- Right Hand Military Press, 112 pounds
- Right Hand Snatch, 165 pounds
- Right Hand Swing with Dumbbell, 150 pounds.
- Right Hand Jerk, 240 pounds
- Two Hands Military Press, 230 pounds
- Two Hands Clean and Jerk with Barbell, 272 pounds.
- Two Hands Continental Jerk with Barbell, 340 pounds
- In a contest at finger-pulling, in which Maxick was "unbeatable," Maxick could pull a 200-pound opponent clear across the table that separated the two men.
- He pressed van Diggelen (185 pounds) overhead 16 times with his right arm, while holding in his left hand a glass of beer full to the brim, without spilling a drop. Earlier that same day, he had pressed Fred Storbeek (205 pounds), who was then the heavyweight British Empire Boxing Champion, 11 times with his right arm.
- Holding van Diggelen aloft on one arm, Maxick ran up two flights of stairs with him and then ran down the two flights. Then standing on his hands, he in that position ran up the two flights and down again.
Pretty amazing stuff right? And Maxick attributes his strength to muscle control. But is it...
This topic is covered even more in depth in the books and DVD's, but for now a simple explanation will suffice. When you try to lift a weight your muscles contract to do it. The stronger the contraction the more you can lift. This is one side of muscle control, the simple aspect that most people see and never move beyond. By learning to contract your muscles, harder and better, you'll be able to lift more weight.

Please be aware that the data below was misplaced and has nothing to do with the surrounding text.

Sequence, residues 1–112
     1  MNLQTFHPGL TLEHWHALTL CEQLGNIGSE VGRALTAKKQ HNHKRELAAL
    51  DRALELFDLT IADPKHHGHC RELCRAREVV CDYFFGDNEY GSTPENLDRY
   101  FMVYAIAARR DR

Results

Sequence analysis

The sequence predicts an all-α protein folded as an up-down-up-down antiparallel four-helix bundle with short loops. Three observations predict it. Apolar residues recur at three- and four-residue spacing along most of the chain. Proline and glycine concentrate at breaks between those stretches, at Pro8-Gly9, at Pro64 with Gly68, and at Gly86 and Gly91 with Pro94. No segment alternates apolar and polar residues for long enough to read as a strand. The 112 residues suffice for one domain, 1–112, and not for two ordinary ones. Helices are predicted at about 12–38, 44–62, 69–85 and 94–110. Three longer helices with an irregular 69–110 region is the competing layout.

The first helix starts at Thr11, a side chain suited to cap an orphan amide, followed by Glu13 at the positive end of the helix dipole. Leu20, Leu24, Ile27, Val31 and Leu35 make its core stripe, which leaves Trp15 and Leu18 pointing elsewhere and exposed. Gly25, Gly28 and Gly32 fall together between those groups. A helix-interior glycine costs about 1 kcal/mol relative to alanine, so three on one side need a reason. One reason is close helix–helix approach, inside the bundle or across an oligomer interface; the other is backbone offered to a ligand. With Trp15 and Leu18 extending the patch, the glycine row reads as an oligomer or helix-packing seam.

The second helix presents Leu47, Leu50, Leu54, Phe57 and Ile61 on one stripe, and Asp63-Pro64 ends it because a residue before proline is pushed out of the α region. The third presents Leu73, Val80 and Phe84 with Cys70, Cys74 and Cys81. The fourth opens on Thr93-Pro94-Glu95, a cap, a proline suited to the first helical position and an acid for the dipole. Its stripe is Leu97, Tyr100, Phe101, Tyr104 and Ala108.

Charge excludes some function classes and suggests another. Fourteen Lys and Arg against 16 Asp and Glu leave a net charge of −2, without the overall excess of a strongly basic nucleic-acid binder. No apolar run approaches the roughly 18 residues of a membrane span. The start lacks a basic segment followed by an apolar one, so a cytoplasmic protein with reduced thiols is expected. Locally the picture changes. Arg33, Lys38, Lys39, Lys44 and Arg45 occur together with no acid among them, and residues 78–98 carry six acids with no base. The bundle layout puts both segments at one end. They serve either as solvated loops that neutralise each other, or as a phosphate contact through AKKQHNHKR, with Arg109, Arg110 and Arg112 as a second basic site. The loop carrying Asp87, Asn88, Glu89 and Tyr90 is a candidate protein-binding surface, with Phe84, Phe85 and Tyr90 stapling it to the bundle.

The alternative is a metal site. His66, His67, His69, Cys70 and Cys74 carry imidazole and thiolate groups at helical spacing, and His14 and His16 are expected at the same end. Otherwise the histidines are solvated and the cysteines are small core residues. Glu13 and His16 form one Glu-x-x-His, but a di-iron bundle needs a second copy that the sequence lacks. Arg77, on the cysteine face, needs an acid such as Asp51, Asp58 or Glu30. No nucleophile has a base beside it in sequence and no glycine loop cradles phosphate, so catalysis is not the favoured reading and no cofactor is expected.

The other side, and even more important aspect of muscle control, is RELAXATION.
When you contract maximally, notice that surrounding muscles contract as well. This includes the antagonistic muscles to the one's you're trying to lift with. These means you're stepping on the brakes the same time you're stepping on the gas!
But through the proper practice of muscle control you can unlock those breaks, using the exact amount of contraction where needed, and keeping everything else relaxed as needed, for Effortless Strength.
Many of the old time strongmen were practioners of muscle control. Eugene Sandow would sit and read his morning newspaper while "flicking" his muscles. This, he said, was all the exercise he needed.
- How to Easily do "The Rope"
You don't need to be as skilled as Prof. J. Chandrashekhar performing a tendon isolation, one of the most advanced stunts possible, to get the benefits of muscle control. Pictured here -------------------------->
WARNING: Don't make the biggest mistakes almost everyone makes with this lost art.
Unlock True Power with Static, Bouncing and Moving Muscle Control
- How Muscle Control will Make You Stronger (and its probably not how you think)
This course also includes a rare book titled How to Learn Muscle Control by Otto Arco (another fantastic weightlifter, hand balacer, and of course muscle controller) and Alan Calvert (the author of Super Strength).
<---- Here is Otto Arco at age 64 still with great mastery over his muscles!
And to make muscle control as easy as possible for you, I've recorded a Follow Along Audio that gives you all the basic exercises and tells you exactly how to do them, down to telling you when to contract and relax.
Just pop it in your player, load it up on your iPod or computer and click play. As you practice for days and weeks your control of your muscles will grow immensely.
So here’s everything you’ll be getting when you pick up the Master Muscle Control Course right now.